If you haven’t got around to completing the Australian Census yet, you need to do it right now. From September 23, census holdouts will start to receive less-than-friendly visits from the ABS. If you don’t have a sufficient excuse for not submiting the form, you could face penalties of up to $180 per day. If you’ve forgotten your Census login code, are concerned about privacy or have no idea what’s going on, here’s what you need to know.
Completing the online Census only takes around 15 minutes. In order to use the eCensus, you’ll need to enter your 12 digit Census Login which you should have received in the mail over a month ago. If you can’t find it, we’ve included instructions below on how to organise a replacement.
If you refuse to complete the census for privacy reasons, you might be able to avoid the without getting fined. Again, you can find out how to pull off this legally questionable caper below.
To help you make the right decision, we’ve pulled the relevant census posts from the archives. If you still haven’t completed yours, we’re curious to hear why. Tell us all about it in the comments!
The 2016 Census is scheduled to take place on Tuesday, August 9. For the first time, the online version — or “eCensus” — is the default method for filling in the national survey. As with the 2011 version, most of the online process is fairly self-explanatory, but here are ten issues to bear in mind.
This year’s Australian Census is being conducted primarily online. Last week you should have received your 12-digit Census Login number which you need to log into the online survey. But what happens if you accidentally misplaced it? Here’s what you need to know.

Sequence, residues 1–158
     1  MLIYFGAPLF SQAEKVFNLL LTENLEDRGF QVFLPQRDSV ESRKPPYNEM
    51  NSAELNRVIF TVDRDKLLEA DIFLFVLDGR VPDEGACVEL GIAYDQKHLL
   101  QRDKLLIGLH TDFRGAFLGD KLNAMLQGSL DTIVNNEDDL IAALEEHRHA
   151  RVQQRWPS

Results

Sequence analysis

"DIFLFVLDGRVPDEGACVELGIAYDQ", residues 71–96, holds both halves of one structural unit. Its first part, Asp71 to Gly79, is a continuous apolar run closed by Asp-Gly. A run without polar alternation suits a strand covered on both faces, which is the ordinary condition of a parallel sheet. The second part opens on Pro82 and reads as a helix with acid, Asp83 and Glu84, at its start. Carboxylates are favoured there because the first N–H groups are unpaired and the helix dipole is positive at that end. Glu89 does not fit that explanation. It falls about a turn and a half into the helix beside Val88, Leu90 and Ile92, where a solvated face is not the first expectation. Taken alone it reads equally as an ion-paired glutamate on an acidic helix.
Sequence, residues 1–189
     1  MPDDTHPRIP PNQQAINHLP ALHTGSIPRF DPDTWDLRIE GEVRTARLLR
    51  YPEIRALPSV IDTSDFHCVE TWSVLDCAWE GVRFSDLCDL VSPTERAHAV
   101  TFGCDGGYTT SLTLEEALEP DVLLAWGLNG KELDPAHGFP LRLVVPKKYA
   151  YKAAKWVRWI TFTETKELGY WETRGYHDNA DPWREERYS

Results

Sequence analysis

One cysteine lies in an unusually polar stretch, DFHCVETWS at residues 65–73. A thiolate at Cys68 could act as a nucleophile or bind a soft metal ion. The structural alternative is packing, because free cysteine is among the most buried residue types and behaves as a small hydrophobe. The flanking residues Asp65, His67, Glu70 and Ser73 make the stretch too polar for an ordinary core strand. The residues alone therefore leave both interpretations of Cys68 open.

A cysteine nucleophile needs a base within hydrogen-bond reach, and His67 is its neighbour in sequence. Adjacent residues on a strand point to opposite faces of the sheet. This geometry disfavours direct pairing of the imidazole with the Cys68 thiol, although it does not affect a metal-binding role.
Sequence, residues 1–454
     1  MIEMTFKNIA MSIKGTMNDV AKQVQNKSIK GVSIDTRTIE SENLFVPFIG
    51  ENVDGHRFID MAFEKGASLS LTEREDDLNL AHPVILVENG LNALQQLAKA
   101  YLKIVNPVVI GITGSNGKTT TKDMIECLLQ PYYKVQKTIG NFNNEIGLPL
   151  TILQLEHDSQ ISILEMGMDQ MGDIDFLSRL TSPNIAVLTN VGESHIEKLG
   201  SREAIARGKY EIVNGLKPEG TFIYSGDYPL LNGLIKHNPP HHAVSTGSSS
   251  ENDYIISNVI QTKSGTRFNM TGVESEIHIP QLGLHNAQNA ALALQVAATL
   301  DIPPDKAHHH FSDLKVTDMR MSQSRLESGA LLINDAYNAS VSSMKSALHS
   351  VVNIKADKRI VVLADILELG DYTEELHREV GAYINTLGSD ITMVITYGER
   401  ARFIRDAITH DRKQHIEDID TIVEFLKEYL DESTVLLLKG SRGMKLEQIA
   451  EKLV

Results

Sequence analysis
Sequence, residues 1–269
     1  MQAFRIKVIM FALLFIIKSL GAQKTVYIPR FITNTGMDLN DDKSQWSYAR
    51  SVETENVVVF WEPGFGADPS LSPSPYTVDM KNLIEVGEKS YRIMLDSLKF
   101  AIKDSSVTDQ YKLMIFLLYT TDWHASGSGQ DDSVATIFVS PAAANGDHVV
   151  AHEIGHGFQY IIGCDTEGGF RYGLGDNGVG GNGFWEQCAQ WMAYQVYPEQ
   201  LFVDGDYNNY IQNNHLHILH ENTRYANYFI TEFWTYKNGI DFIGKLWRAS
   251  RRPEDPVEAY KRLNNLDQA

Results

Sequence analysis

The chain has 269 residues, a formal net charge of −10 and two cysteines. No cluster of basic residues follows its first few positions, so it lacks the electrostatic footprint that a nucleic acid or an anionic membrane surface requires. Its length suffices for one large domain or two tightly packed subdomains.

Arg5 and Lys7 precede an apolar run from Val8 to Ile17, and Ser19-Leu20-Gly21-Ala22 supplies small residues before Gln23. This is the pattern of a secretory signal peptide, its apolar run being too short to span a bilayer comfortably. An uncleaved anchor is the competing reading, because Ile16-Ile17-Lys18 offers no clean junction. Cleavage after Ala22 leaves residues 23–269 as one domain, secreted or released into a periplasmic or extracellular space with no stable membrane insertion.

In the lead up to Census night, some Australians are very much against participating as this will be the first time name and address information will be retained by the Australian Bureau of Statistics (ABS). The Census is compulsory, as the ABS continues to remind us, but is it legal to leave the survey form blank? Let’s find out.
As you’ve probably heard, names and addresses collected as part of the 2016 Census will be retained to enable the census to be linked to other national data. (Names and addresses had previously been retained for 18 months, but the information is now planned to be kept for up to four years.) So should you be worried?
This year’s Census conducted by the Australian Bureau of Statistics (ABS) will not be anonymous. Your name and address information will be retained for up to four years. This new Census arrangement has privacy pundits up in arms. Yet, it’s compulsory for all Australian households to submit their information. So what should you do if you value your privacy and don’t want to fill out the Census form? Here are some suggestions on how to avoid it.
Census night is tomorrow. This year’s Census will be the first one to retain name and address information from respondents. If you’re still against filling out the lengthy and probing survey due to privacy concerns, you may be able to get away with leaving key information out without being slapped a hefty fine. Here’s how.
Dear Lifehacker, I was scrolling through my Facebook feed and had a recommended page which was by Census Australia. I started going through the comments to see what people were saying and was astonished to see multiple responses by the ABS talking about a $180 fine if we don’t complete the Census. Is this true? Can they really fine us for refusing to divulge every bit of information we have about ourselves? What are my legal rights here? Thanks, Mighty Pissed Off
In the 2006 Australian Census, 58,053 people put “Jedi” down as their religion. In 2011, this number had jumped to 64,390. With Star Wars now more popular than ever thanks to the new movies, it is expected that the number of “practicing Jedis” will explode in this year’s Census. It’s a testament to Australia’s larrikin sense of humour (not to mention our slavish devotion to US pop culture) — but not everybody is amused. This infographic explains why you might want to reconsider the joke.